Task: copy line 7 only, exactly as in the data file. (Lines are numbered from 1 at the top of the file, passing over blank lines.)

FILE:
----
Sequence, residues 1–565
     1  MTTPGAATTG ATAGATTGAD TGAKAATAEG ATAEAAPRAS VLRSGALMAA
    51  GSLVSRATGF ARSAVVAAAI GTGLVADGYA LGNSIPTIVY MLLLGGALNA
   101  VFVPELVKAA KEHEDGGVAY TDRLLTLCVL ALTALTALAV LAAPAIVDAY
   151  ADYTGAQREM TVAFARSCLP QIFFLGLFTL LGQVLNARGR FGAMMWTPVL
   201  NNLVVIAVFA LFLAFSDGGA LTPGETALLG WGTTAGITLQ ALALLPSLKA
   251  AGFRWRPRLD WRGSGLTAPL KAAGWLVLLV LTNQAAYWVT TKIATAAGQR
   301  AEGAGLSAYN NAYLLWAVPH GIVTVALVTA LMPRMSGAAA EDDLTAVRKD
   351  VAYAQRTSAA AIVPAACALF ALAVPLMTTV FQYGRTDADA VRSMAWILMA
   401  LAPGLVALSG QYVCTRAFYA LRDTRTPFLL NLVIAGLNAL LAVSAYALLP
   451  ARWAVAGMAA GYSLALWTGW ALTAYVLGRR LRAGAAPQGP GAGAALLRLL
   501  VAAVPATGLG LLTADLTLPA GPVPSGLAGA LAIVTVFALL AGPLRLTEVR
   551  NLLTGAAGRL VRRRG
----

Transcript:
   251  AGFRWRPRLD WRGSGLTAPL KAAGWLVLLV LTNQAAYWVT TKIATAAGQR